- Labor Productivity Index (LPI): (Capital Cost/Total Number of Man-hours)/(1964 Dept of Commerce Control Value)
- Space Use Effectiveness Index: Building Area/Baseline Functional Building Area
- Energy Consumption Index: Projected Cost of Energy/Baseline Cost of Energy (to be broken down by electrical power and other fuels as well, see below example)
- Indirect Labor Productivity Index: Capital Cost/Total Number of Indirect Man-hours
- Direct Labor Productivity Index: Capital Cost/Total Number of Direct Man-hours
- Project Material Waste Index (also ties to LEED points): Cost of Rubbish and Waste Removal/ Project Cost (This should be measured for recycled, land-filled, as well as the total)
- Manufactured and Prefabricated Products and Systems:
- Product Productivity Index (PPI): (Cost of Product/ Number of Man-hours to Place)/(1964 Dept of Commerce Control Value)
- Material Waste Index (MWI): Volume or Weight of Material and Packaging Delivered to Site/Actual in-place Volume or Weight produced by BIM schedule
- Completed Facility Operations:
- Energy Performance Index: (also ties to LEED points) (EPI): Cost of Energy/Baseline Cost of Energy
- Facility Performance Index (FPI): Facility Variable Costs/Baseline Facility Variable Cost
Each of these indices will tell building producers where the current project stands against the market average and their own performance objectives; this information allows the team to track their progress and understand what must be done to beat the objective. For a given performance index, the denominator will be expressed as a subscript, depending on the standard (MAB, IOB, POB). For example, the Capital Cost Efficiency Index would be identified as CEIM, CEII, and CEIP for Market Average Baseline, Industry Objective Baseline and Project Objective Baseline, respectively. See below for an illustration.
Each discipline, sub-discipline (trade) and process tier (design, building production, and product production) will also establish its own performance standards, measures and indices. These will be woven into the various “index baskets” representing quality, safety, productivity, schedule/milestone adherence, change management, and other building process aspects. So, for example, the total project would have a MAB and POB for, say un recyclable waste removal, but so would select trades where waste is an area needing improvement, such as drywall.
Defining and Normalizing Data Measures
Performance definitions and norms do not appear in nature, and therefore must be constructed, which is an important task. When a performance index is being defined, there must be a commensurate ("apples-to-apples") relationship between subject project unit and the standard unit against which it is measured. In an obvious example: it would be pointless to compare a university building with an HVAC system tied to a central chilling plant on campus to the market average baseline building with an integral chilled water system, without normalizing the difference in water system sources. In a less obvious example which demonstrates the importance of the task, consider the Capital Cost Effectiveness Index (CEI = Capital Cost/Baseline Cost Project Productivity Index). Although by normal definition the Capital Cost includes sitework costs, these should be segregated out in performance definitions because the variations that occur in sitework are extreme, and if included with a sampling of like building types, would skew the accuracy of the building measures. Likewise, although Capital Cost does not include construction interest, that value should be aggregated in because it is directly affected by productivity, and consequently the duration of the building construction. Sitework segregation and construction interest aggregation are foreign to conventional budget and tracking standards, but they nevertheless provide a more accurate assessment of project performance. Performance definitions like these will require careful attention at the beginning, but once established, will need only occasional review.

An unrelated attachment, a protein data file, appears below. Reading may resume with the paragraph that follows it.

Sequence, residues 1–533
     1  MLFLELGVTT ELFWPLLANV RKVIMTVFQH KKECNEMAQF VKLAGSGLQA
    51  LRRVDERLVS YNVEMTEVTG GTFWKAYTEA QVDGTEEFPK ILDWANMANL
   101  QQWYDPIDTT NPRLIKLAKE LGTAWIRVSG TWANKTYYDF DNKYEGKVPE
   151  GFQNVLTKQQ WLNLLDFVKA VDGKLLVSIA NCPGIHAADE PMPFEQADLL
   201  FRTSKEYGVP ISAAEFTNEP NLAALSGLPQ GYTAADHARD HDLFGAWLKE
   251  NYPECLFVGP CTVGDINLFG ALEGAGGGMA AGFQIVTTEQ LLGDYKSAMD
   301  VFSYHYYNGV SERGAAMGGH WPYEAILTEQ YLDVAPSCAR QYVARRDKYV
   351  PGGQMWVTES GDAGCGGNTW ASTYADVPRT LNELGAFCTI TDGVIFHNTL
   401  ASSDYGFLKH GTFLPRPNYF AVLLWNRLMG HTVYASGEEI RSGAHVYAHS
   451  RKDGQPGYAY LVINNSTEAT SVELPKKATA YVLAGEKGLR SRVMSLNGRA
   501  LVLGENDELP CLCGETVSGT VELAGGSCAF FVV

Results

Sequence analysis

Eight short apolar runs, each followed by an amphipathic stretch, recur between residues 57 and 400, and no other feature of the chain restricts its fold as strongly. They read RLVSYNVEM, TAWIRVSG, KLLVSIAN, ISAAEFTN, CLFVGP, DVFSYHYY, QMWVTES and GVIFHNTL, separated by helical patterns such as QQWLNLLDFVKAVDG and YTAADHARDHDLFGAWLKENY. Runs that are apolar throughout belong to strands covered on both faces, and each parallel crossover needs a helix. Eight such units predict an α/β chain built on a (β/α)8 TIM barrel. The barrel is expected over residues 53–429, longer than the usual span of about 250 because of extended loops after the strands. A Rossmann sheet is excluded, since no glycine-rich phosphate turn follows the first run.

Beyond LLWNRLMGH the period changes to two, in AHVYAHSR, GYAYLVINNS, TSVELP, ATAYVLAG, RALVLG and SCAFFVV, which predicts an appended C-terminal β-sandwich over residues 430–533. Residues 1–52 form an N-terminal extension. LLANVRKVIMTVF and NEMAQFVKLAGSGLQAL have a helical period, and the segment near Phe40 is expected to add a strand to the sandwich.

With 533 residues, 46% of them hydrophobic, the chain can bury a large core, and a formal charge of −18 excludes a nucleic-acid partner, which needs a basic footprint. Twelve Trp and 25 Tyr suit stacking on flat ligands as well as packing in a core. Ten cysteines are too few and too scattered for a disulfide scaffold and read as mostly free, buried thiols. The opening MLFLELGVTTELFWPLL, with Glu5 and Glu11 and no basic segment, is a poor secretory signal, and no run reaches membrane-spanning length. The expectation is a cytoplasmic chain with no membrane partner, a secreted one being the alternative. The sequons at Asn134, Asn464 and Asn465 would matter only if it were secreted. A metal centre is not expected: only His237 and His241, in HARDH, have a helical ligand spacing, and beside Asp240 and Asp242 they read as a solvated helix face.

Besides performance definition (which delimits a performance measure) performance norms must be established. Performance norms bring all data and measures onto a common scale so that they can be accurately compared. Data will be normalized to include:
- Space(s) types and use: The indices will reflect the type of space(s) at an appropriate level. So, for example, medical spaces will be indexed differently for surgical vs. medical office spaces. Likewise, open office space will be indexed differently than enclosed office spaces.
- Location: Market cost Index (such as RS Means CCI)
- Time: Cost inflation index
- Climate characteristics
- Scope and massing
- Quality level or rating
- For operating cost, the hours of operation
These are just a few of the variables that affect a project’s cost and energy consumption. Information technology systems to address these must be as comprehensive as possible in establishing pre-defined variations to be normalized, but also nimble enough to allow the building team to incorporate the infrequent sorts of variations.
Two illustrations will help here, although they will use only the “Mean Values” (that is, for illustration purposes, the low and high ranges of the predicted standards are not included, although they typically would be). First a simple example: say that the market average baseline for electrical power consumption (PPCM) for a prospective building is 10 million kwh. If the building team produces a building that consumes 7 million kwh in its first year of operation, it will have achieved a Power Consumption Index (PCIM) of .70 (30% reduction). This would be a big victory — especially if the team’s Project Objective Baseline (PPCP) was greater than or equal to 7 million kwh. At say, $.10/kwh, the annual power bill savings would be $300,000 ((10 million – 7 million kwh) x $.10 = $300,000).
Now for a more complicated example where the total indirect labor is measured against two standards: the market average (what the industry expects) and the performance objective baselines (what the building team is shooting for).